– refers to items that are taxable, but the rate of tax is nil on
their input supplies. The government doesn’t tax its retail sale but allows credits for the value-added tax (VAT) paid on inputs. This reduces the price of a good.
Governments commonly use zero-rated goods to lower the tax burden on low-income households by zero-rating essential goods.
NB in South Africa we also have goods that zero-rated because the goods are leading contributors to other manufactured goods and thus a leading part of a broader supply chain. Many food items are designated as zero-rated goods; these food items are sold with a 0% value-added tax.
Examples of Zero-Rated Goods;
• 19 basic food items (brown bread, dried mealies, dried beans, lentils, pilchards or sardinella in tins or cans, rice, fresh fruit and vegetables, vegetable oil, milk, eggs
• Illuminating paraffin
• Goods which are subject to the fuel levy (petrol and diesel)
• International transport services
• Farming inputs
• Sales of going concerns, and
• Certain grants by Government
– Some goods and services are exempt from VAT. If all of the goods and services you sell are exempt, your business is exempt, and you won’t be able to register for VAT. This means you can’t reclaim any VAT on your business purchases or expenses.
Examples of Exempt Supplies;
- Insurance, finance and credit
- education and training
- fund raising events by charities
- subscriptions to membership organisations
- selling, leasing and letting of commercial land and buildings – this exemption can be waived These items are exempt from VAT so are not taxable. You do not include sales of exempt goods or services in your taxable turnover for VAT purposes. And if you buy exempt items, there is no VAT to reclaim.
Exempt items are different from zero-rated supplies. In both cases VAT is not added to the selling price, but zero-rated goods or services are taxable for VAT – at 0%.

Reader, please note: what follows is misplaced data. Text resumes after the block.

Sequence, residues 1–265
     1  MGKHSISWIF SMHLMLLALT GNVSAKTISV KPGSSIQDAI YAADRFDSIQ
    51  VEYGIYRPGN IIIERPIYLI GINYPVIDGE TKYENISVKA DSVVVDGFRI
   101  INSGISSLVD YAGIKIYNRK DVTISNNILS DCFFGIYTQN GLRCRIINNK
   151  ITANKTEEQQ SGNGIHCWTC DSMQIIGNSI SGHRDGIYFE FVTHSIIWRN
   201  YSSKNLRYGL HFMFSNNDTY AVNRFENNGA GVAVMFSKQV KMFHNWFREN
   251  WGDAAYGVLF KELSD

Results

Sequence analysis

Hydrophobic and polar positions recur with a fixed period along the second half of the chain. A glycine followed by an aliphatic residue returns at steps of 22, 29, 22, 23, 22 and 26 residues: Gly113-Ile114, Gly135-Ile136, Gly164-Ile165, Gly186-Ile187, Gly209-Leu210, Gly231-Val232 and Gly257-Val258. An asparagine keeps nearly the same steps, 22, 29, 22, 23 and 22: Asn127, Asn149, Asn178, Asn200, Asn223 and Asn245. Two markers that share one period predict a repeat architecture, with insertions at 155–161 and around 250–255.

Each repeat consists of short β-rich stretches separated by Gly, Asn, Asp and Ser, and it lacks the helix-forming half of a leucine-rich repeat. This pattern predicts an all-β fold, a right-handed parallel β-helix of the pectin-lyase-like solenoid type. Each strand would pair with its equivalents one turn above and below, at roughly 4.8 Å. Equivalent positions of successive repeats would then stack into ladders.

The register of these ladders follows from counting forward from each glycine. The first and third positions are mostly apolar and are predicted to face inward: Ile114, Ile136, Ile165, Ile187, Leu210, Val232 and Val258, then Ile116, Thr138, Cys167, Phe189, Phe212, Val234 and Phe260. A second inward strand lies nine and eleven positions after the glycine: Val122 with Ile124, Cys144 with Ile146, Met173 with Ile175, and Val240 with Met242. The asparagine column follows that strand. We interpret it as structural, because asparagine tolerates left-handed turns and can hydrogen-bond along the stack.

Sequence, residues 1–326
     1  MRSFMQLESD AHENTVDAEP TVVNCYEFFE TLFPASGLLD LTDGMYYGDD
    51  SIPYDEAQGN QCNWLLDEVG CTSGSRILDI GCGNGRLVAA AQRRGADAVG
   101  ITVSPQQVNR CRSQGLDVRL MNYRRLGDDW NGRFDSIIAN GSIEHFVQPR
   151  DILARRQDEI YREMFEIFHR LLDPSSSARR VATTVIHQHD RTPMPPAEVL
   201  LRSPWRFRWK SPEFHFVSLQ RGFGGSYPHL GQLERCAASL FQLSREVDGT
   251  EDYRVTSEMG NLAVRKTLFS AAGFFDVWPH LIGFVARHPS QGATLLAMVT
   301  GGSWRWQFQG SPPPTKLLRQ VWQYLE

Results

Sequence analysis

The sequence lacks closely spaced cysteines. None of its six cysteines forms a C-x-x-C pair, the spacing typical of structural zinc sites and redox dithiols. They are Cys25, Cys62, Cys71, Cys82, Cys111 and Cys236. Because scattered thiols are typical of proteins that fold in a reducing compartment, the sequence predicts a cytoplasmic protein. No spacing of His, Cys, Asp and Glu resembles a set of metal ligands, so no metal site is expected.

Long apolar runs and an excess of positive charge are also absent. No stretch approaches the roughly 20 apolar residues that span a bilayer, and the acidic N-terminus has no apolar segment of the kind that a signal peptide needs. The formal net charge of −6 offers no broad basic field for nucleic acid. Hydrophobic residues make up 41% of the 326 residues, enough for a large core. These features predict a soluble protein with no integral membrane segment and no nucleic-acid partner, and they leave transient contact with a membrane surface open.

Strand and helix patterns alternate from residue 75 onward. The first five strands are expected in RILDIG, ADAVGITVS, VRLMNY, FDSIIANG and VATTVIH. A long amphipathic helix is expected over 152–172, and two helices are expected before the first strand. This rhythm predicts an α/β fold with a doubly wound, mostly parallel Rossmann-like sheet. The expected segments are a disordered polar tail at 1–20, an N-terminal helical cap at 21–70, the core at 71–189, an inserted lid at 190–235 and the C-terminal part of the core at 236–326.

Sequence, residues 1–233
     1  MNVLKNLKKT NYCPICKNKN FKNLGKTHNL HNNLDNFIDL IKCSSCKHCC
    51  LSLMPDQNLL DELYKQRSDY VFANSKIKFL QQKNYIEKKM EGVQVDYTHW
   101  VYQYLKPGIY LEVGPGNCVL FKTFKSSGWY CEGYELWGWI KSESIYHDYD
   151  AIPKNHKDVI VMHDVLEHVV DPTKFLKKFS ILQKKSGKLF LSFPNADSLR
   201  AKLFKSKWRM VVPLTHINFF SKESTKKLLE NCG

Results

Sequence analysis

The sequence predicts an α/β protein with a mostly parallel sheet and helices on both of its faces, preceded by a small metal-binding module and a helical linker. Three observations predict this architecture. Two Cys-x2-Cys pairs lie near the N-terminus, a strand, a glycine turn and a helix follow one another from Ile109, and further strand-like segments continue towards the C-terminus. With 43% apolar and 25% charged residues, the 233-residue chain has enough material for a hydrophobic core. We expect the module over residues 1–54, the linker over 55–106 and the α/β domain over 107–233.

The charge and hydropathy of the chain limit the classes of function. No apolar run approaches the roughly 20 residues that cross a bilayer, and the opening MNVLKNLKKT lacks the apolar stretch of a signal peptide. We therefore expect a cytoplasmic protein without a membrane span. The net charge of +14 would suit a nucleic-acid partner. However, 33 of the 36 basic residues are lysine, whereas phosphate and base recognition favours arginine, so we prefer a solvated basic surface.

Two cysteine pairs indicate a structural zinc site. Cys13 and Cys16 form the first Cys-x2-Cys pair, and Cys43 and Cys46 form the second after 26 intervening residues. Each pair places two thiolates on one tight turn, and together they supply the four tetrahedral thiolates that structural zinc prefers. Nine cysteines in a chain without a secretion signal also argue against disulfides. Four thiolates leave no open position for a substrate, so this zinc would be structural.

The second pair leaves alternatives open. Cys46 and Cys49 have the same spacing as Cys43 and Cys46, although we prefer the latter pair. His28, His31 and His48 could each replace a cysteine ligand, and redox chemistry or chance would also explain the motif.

If you only sell or otherwise supply goods or services that are exempt from VAT then your Business is an exempt business and:
- you cannot register for VAT,
- you cannot recover any VAT you incur on your purchases or expenses.
This is in contrast to where you sell or otherwise supply zero-rated goods or services. Here you can reclaim the VAT on any purchases that relate to those sales. If you sell mainly or only zero-rated items, you can apply for an exemption from VAT registration. If you are exempted from registration you will not be able to reclaim any VAT.
– is a transaction or event on which you have to pay output tax, even if you haven’t actually sold any goods or services. The transaction or event is regarded as a taxable supply.
Example of Deemed Supplies;
Any goods or services you take from your business for your own use;
- Sale in execution of a vendor’s goods (e.g. to settle debt);
- Goods sold according to the lay-by system are deemed to be supplied at the time the buyer pays for them in full.
- Certain payments public authorities and municipalities make to designated entities;
- Certain fringe benefits that you provide your staff (except housing).
- If you retain assets from your business at the time you deregister as a VAT vendor, SARS will regard this as a deemed supply and will expect you to pay VAT of 14% on the lower of the cost or the current value of those assets.
- Short-term insurance claims paid to your business. For example, if you receive an insurance pay-out for a claim for damaged stock, this pay-out is a deemed supply and you’ll have to pay VAT at the standard rate on the value of the pay-out.
- Rights to use goods (the right is a supply)
- Local supplies made by agents representing foreign importers.
- Expropriation of fixed property where it forms part of the enterprise’s assets;
- Housing subsidy scheme payments received.
- Goods that you temporarily remove from Customs Controlled Areas and don’t return within 30 days;
- Company formation, amalgamations, intra group transactions and liquidation distributions. Please note that this isn’t deemed a supply if SARS approves the scheme for income tax purposes.
- Services you supply a foreign warrantor under a warranty agreement